Monday, March 21, 2011

Medical Question: 1940's C-Section

Nike asks the following question:

Can you tell me anything about Cesarean section in 1946 in a tiny village hospital. It's in Long Island, NY, only two hours from NYC, so they're not isolated and totally backward.
The woman is a minor character who appears in only one scene, but I want to get it right. It's after a brutal snow storm, a maternity nurse stops by just to check in. Everyone knows everyone in the village and the doctor, a woman doctor, mentions she's been thinking about this patient. The nurse is going home, and says she's been thinking about her too and will probably stop in on her.
I figure the patient was in the hospital about a week and she'll need bed rest for about two weeks. Is that right? I'm thinking the patient might have her mother either living with her or staying w/her for the duration and the mother would be doing all the daily chores and taking care of the infant.

Jordyn says: I've been researching your question and am not quite finding the specifics you're looking for. Right now, a woman who has a C-section would be in the hospital for anywhere from 2-5 days with 2 weeks of light chores at home and no driving so your parameters of a week in the hospital and a couple weeks bedrest--- I think you could have some latitude. I tried to get some first-hand accounts and found one... number three below. That might lend to getting a feel for the culture at the time.
I've included several references/resources for you to look through.

1. General overview of the history of C-section:

2. Here's some of the procedures a woman might experience:
"By the 1940's, the standard was set, with hospital birth being thought to be the ideal. The idea was that at the hospital the doctor had all the "tools of the trade" handily available. Unfortunately, this was and continues to be a major downfall of hospital birth, as well. Included in those tools were medications, forceps, surgical instruments, confinement to bed, enemas, pubic shaving, arm and leg restraints, and hospital nurseries with rigid schedules. Birth was seen as an illness that required medical attention."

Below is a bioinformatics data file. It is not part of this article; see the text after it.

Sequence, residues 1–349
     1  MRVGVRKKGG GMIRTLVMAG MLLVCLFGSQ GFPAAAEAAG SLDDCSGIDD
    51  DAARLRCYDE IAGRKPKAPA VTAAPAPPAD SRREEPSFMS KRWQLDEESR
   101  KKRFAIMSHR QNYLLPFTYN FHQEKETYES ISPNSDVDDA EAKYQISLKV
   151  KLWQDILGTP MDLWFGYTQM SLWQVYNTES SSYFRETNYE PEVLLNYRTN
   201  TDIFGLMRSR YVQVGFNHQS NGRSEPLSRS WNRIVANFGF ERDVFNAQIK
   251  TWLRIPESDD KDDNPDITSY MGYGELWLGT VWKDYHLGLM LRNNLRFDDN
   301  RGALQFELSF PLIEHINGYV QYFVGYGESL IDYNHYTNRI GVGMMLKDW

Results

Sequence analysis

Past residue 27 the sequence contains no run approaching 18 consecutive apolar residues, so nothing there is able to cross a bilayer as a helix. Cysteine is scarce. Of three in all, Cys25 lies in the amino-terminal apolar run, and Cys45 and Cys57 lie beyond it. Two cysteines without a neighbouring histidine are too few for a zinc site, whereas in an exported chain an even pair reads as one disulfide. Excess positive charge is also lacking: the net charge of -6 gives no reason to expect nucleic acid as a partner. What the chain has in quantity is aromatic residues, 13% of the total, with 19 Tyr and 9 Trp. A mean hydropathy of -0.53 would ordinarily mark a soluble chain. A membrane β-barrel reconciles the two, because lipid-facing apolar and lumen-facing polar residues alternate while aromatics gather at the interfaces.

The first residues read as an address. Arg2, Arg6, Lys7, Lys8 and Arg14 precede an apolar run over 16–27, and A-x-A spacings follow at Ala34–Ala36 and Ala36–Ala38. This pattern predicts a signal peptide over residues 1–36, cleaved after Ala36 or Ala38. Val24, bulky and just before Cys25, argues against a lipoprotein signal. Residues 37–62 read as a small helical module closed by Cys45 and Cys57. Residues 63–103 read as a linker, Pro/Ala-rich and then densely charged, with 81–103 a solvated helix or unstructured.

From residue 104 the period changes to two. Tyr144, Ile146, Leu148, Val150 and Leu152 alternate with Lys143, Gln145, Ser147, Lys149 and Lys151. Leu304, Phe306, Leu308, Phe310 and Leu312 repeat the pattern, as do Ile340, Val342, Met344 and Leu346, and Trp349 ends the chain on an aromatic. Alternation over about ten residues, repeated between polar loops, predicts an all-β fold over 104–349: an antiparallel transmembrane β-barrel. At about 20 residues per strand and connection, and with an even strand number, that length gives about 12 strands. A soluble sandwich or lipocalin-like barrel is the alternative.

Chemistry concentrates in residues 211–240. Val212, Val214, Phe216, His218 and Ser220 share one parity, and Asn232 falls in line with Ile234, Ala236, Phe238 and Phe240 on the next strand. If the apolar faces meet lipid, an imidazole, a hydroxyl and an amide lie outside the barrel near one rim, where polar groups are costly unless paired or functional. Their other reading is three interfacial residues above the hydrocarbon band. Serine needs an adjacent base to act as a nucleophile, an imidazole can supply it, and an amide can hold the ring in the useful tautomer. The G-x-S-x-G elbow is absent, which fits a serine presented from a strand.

3. I found a patient experience from the 1940's-- though not a C-section. What she says and the pictures that they include I think will help give you a lot about the culture at the time. Plus, the couple is absolutely adorable!
4. Some more about the culture of the 1940's. "During the 1940s most women gave birth in an unconscious state, courtesy of drugs such as scopolamine. Women of that time seemed very happy to be numb, and end the "suffering" their mothers experienced in childbirth. They looked at birth without drugs as uncivilized."
5. Historical Overview
I found this little snippet that mentioned the length of hospital stay but couldn't pull the reference.  Period 1940-1950, the length of stay in hospital was reduced from 20.5 to 9.8 days per patient.
Any other suggestions for Nike?

Nike is a wife, mother, and animal lover. She loves living in coastal metro NYC, a short distance from the Atlantic Ocean. Like so many other writers, Nike started writing at a very young age. She still has the Crayola, fully illustrated book she penned as a little girl about her then off-the-chart love of horses. Today, you might call her a crime fictionista. Her passion is crime fiction. She likes her bad guys really bad and her good guys smarter and better.
Nike was a 2010 Inspy Awards judge and writes book reviews for The Christian Pulse on-line magazine. She’s the founding board member of the Grace Awards, a reader driven inspirational fiction award and current  member of the American Christian Fiction Writiers (ACFW), where she serves as a small critique group leader. Also, she’s a member of Edgy Christian Fiction Lovers on Ning, where she coordinates a group summer blog tour and has taught a workshop on proposal writing. You can find Nike at Crime Fictionista:



  1. My aunt had a c-section in the 1940s, although in a small town. I'll ask my mother about specifics and report back. I do know it would be a similar time in the hospital as any type of major abdominal surgery and a similar recovery period.

  2. Thanks Sheila!! That would be awesome and I appreciate you checking into it.

  3. I agree this is awesome.

    The entire blog is awesome as a resource for writers. :)

  4. Thanks Nike! I'm glad you're finding it useful.

  5. Checked with my mother. Her memory is failing. She does remember my aunt stayed in the hospital for several days (perhaps two weeks?) after the c-section and that it took several weeks for her to recover. My aunt had major surgery on her intestinal tract as a child and that may have complicated the c-section. Hope this helps!

  6. Thanks Sheila... great information!!